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NMSU fosters interest in astronomy through monthly open houses

When the sun sets, the action starts.

Sean Lindsay, a graduate fellow in the New Mexico State University Department of Astronomy, takes a look at a star cluster through one of the telescopes at the Clyde W. Tombaugh Campus Observatory at a recent open house. (NMSU photo by Audry Olmsted)

Though the night sky appears to be calm and gentle when viewed by the naked eye, through the lens of a telescope, it reveals its true nature of twists and turns going back millions of years.

In order to present a closer look at the secrets the night sky holds, New Mexico State University's Department of Astronomy hosts free monthly open houses at the Clyde W. Tombaugh Campus Observatory, located on the Las Cruces campus.

"We live in a great area for astronomical interest," said Jim Murphy, department head. "There are lots of beautiful and interesting objects to behold in the night sky, appreciate the physical processes that make them be present where they are, have the characteristics they have, and think about what their evolution over time might be."

At the open houses, the community is encouraged to look at astronomical objects, ask questions of astronomers and graduate students, and mingle with fellow stargazers.

"One of the primary reasons we do this is to help inspire people about the skies," said Bernie McNamara, a professor of astronomy. "A lot of the astronomers who work here - the graduate students as well as the faculty - got their beginnings as amateur astronomers. We're upholding a long tradition of professional astronomers sharing their enthusiasm for the sky with people who have an interest."

One popular astronomical object always viewed at the open houses is the moon in its various phases. The community can also view star clusters, double stars, planets - and possibly even a galaxy or two. As the seasons change, different celestial objects come into view. Astronomers at NMSU might also gear topics of interest at an open house to coincide with a timely astronomical event.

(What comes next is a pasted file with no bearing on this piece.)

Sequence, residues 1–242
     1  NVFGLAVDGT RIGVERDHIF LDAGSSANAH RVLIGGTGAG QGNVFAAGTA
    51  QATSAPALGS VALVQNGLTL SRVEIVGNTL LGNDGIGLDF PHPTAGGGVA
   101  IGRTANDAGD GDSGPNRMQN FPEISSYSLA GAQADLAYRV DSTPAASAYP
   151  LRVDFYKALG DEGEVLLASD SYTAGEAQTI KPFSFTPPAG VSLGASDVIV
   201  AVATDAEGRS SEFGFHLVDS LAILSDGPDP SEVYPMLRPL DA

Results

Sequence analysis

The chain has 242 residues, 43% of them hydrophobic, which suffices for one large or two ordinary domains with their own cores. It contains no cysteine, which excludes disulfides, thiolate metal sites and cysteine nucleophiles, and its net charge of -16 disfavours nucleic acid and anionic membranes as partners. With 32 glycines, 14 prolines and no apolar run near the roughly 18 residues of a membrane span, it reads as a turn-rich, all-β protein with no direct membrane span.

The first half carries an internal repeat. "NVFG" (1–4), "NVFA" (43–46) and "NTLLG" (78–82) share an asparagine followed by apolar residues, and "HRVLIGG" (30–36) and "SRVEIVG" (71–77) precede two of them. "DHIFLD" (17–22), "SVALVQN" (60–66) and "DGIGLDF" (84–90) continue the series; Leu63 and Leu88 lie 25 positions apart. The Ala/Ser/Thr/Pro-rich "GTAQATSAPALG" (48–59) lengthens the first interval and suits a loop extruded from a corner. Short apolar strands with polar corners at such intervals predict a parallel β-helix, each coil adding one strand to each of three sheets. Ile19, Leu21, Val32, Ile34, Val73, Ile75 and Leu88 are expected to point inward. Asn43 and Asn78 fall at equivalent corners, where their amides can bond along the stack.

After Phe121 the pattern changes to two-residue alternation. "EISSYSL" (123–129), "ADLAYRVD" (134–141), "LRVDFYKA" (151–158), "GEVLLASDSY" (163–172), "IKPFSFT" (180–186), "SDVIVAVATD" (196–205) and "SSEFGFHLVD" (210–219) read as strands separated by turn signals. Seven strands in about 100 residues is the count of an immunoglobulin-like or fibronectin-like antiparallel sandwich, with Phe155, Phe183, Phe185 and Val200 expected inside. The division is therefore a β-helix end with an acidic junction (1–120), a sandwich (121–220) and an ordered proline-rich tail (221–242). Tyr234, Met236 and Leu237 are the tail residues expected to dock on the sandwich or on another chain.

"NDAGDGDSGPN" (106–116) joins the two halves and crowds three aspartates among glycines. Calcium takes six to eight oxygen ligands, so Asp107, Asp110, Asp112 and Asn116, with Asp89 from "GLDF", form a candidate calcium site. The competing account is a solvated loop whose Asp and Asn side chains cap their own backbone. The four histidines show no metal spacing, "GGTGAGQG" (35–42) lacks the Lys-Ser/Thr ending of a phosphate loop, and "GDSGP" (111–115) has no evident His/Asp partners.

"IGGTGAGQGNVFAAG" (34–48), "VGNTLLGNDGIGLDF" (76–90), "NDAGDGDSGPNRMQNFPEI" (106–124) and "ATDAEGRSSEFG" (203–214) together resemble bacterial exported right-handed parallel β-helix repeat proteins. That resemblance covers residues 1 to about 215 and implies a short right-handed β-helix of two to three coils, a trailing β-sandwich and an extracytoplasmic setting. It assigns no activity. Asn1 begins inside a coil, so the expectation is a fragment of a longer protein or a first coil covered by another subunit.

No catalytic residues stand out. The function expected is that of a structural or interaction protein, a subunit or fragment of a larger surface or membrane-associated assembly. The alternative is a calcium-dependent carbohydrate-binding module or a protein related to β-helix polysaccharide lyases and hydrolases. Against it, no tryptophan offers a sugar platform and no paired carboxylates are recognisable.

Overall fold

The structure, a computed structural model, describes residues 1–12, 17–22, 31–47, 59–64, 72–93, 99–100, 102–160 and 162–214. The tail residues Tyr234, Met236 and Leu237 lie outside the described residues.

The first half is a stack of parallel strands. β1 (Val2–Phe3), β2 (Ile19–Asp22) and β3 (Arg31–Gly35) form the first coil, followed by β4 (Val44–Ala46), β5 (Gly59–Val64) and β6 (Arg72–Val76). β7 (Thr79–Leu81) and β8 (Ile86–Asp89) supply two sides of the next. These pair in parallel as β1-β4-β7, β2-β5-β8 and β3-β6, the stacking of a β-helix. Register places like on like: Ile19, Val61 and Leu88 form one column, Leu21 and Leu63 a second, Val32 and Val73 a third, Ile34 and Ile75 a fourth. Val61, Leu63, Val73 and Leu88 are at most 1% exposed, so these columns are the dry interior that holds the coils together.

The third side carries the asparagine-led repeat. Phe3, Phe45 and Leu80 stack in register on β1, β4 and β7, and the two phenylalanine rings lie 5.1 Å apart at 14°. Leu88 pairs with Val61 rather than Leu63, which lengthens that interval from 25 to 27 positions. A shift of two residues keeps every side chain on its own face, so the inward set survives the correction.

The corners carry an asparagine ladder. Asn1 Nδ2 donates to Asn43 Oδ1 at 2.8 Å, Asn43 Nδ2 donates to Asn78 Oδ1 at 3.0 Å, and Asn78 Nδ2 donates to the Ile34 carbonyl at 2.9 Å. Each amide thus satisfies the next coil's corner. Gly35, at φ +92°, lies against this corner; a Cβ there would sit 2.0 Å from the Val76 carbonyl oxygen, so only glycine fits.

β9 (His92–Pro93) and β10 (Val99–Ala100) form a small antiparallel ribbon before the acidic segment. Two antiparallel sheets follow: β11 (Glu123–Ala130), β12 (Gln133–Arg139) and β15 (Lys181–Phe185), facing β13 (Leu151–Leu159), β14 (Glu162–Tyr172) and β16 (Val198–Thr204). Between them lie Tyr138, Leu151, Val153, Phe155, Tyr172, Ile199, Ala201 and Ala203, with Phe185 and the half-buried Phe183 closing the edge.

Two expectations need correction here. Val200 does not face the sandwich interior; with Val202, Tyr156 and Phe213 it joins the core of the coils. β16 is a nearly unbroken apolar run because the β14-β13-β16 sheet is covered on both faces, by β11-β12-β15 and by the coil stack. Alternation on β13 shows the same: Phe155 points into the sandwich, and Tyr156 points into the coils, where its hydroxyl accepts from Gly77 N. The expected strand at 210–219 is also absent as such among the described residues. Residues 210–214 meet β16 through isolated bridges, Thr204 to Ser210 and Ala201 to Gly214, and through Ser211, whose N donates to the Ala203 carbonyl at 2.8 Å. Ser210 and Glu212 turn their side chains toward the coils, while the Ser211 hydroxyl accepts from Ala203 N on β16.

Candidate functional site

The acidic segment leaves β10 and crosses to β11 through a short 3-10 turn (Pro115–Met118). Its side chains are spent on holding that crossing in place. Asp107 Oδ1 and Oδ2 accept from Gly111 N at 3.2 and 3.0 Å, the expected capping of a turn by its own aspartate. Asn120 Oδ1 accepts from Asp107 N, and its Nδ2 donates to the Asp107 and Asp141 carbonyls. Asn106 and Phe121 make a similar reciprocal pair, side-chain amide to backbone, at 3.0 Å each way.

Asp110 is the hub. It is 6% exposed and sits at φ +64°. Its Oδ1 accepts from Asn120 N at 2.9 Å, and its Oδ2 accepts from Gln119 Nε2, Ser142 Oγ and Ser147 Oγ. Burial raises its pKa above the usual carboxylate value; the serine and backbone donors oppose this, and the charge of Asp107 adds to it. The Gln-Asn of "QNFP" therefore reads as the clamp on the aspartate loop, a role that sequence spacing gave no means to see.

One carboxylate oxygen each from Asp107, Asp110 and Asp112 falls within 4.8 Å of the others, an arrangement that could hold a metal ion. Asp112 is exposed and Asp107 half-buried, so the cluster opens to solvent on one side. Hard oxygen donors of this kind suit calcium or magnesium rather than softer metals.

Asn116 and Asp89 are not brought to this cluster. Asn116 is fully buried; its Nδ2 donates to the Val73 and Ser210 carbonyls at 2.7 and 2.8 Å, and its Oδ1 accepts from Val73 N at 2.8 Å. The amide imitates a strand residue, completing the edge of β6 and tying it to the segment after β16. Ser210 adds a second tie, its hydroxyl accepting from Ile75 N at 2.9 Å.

Murphy said some of the telescope eyepieces are high and can be difficult to reach, but they are prepared to accommodate the public in any way they can so that any interested person can take a peek at the celestial objects.

"We love having kids come out - along with their parents or siblings. No age is too old or too young," he said.

Starting time for the event depends on the season - the open houses start when it gets dark. Participants are invited to come and go as they wish. NMSU astronomers and graduate students are eager to stay at the observatory as long as needed to answer everyone's questions.

"We cordially invite the community every time we have an open house to come and take advantage of the opportunity," McNamara said. "These are really meant for the community. It's a public outreach effort with the Department of Astronomy on behalf of the university."

For information and a schedule of open houses, contact the Department of Astronomy at 575-646-4438 or visit http://astronomy.nmsu.edu/dept/html/facade.html.